(anon62051519) #15

Thanks. I'll check it out next week. I live in hope that, as I had already reached my 30 years contributions, and received my pension forecast, perhaps the perceived shortfall may not apply.

There's always bloody something to worry about......!


(Steve Hayes) #16

Seeing as it has just changed, and as the changes have been "masterminded" by IDS I think the most sensible thing to do is get advice from the civil service on the record so if it's wrong advice you have some claim that they should put it right.

this page implies a time limit of 6 years https://www.gov.uk/national-insurance-if-you-go-abroad

and says you should ask on this page
https://www.gov.uk/government/organisations/hm-revenue-customs/contact/national-insurance-enquiries-for-non-uk-residents

such as here
https://online.hmrc.gov.uk/shortforms/form/CNR_NIC_SEF

-- 

(anon62051519) #17

Planning to do just that tomorrow Steve.


(Sue Young) #18

Hope you didn't have a private company pension and were 'opted out' of some NI payments. My husband won't receive his pension until he's 65, and has 41 years contributions ( left school at 16) He receives a private pension but when he gets his OAP he won't receive the much vaunted flat rate of £151-no he will receive £119. My OAP -also with over 30 years contributions-when I eventually receive it at the age of 66 will be £130. At this distance I don't remember being told that being opted out would affect your OAP and people may well say ' but you have a company pension '-I thought that was the idea. You saved to make yourself better of when you retired.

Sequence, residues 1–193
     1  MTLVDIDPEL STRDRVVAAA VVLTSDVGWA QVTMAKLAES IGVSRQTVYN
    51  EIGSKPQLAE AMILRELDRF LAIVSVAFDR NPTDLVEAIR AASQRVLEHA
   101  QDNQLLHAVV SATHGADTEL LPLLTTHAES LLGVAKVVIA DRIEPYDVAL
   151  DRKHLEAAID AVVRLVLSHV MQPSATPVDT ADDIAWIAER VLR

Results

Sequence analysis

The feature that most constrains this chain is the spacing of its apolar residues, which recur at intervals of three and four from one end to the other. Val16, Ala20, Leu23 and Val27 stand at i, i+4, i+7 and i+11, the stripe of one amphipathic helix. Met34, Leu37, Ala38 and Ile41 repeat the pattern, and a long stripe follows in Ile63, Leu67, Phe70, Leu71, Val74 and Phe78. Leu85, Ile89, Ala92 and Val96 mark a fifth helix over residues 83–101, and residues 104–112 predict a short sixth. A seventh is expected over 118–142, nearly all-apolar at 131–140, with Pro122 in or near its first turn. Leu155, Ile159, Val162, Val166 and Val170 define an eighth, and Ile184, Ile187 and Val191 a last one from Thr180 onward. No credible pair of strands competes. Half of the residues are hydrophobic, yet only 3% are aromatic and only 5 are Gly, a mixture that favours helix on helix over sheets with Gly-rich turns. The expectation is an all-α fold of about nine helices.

(anon62051519) #19

Have you payed in, opted in, opted out, shaken it all about...and done the hokey cokey, remembered your password, NI number, date you retired.........aaaarrgh!

Don't you just get sick of all this crap? Isn't it enough that you've worked all your life, payed your bills on time, and tried to do the right thing? Surely that should be enough to ensure you can now relax with a few bob in your back pocket.?


(anon62051519) #20

I phoned the Overseas Pensions people today.. as well as the N.I Voluntary contributions office. I explained I had 30 years NI contributions already paid (31.5 as it turned out) and that I had heard about the new 35 year rule.

Curiously, I was told by two different people that the 35 year rule wasn't actually the case yet! It wasn't the law, and that no instructions had been given to staff to advise otherwise.

I asked where I stood vis a vis buying top up contributions should the 35 year rule come into play? I was told that I had until 2019 to make that decision. As I alreadly had payed 31.5 years...the lady inferred (as opposed to advised) that I should sit still and do nothing for now.

For info:Voluntary Class 2 contributions are £2.65 per week........Class 3 contributions are £13.25 per week. As I would be looking at Class 3, I think I will do nothing for now.

Bit of a conundrum.